Former Leeds United chief Shaun Harvey to step down from EFL role

Former Leeds United chief executive Shaun Harvey to step down from the EFL.
Former Leeds United chief executive Shaun Harvey to step down from the EFL.
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Shaun Harvey, the former Leeds United chief executive, is to stand down as the EFL’s CEO, the organisation announced today.

Harvey will end a seven-year reign with the governing body at the end of this season having held the post since October 2013.

The announcement comes in the midst of the on-going ‘Spygate’ investigation which the EFL launched after a scout from Leeds United was stopped by police outside Derby County’s training ground six weeks ago.

Leeds are pushing for a conclusion to that probe and are hoping for a decision on whether they will face any punishment before the end of this month.

The Elland Road club, where Harvey worked as CEO during the reign of former owner Ken Bates, have been involved in various conflicts with the EFL during Harvey’s time on the organisation’s board.

Massimo Cellino, Leeds’ majority shareholder between 2014 and 2017, fought a legal battle with the EFL to secure his takeover of the club and later threatened to ban Sky Sports from broadcasting a live game at Elland Road amid a bitter dispute over the EFL’s TV deal.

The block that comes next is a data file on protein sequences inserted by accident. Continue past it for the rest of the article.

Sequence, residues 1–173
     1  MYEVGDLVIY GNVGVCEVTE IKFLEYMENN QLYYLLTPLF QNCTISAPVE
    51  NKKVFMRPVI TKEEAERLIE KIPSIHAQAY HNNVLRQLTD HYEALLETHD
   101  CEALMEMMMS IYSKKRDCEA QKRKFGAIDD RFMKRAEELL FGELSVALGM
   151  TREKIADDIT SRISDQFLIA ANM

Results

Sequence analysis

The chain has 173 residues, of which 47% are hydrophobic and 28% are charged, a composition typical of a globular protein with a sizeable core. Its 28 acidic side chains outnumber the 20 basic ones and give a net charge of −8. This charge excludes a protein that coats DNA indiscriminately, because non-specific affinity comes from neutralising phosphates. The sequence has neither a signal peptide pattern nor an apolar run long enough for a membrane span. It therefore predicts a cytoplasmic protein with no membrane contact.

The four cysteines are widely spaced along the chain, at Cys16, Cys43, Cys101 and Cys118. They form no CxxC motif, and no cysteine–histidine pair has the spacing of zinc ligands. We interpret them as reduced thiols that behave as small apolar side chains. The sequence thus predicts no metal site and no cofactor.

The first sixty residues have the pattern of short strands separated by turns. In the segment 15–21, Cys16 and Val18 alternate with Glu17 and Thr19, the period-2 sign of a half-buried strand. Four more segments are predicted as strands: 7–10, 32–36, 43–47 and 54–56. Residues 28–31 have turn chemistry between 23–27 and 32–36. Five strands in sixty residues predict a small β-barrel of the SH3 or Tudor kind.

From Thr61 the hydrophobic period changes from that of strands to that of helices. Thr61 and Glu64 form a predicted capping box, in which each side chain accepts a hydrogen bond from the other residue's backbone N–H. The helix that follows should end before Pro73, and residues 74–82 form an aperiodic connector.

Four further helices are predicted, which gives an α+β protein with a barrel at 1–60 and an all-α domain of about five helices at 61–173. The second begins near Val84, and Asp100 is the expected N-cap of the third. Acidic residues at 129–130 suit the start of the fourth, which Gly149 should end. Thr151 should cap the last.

Television rights caused further problems earlier this season as Leeds owner Andrea Radrizzani and other Championship sides attempted to block the EFL’s plan to sign a new deal with Sky, claiming the proposed broadcast contract undervalued the rights.

The deal was subsequently ratified by the EFL’s board, to the frustration of Radrizzani and others.

In a statement today, the EFL said Harvey’s reign had overseen “a number of significant changes and initiatives”.

Harvey said: “Having joined the EFL as CEO in October 2013 I am proud of what we have achieved since then in what have not always been easy circumstances.

“Consistently during my time I have always looked to push boundaries to make the maximum positive impact for clubs, whether this be from a financial perspective or by generating value in another way. I have always held the view that the strength of the EFL is its clubs and no club or indeed individual is bigger or more important than the collective or the EFL itself.

“After discussions with the board, we decided that the time is right for the EFL to now move in a different direction having concluded a number of commercial contracts that leave the League in a stable position.

“I am happy to remain as CEO until after the play-offs, in order to conclude a number of outstanding matters that we are currently dealing with, after which I will move on to pastures new and hopefully make a positive difference elsewhere.”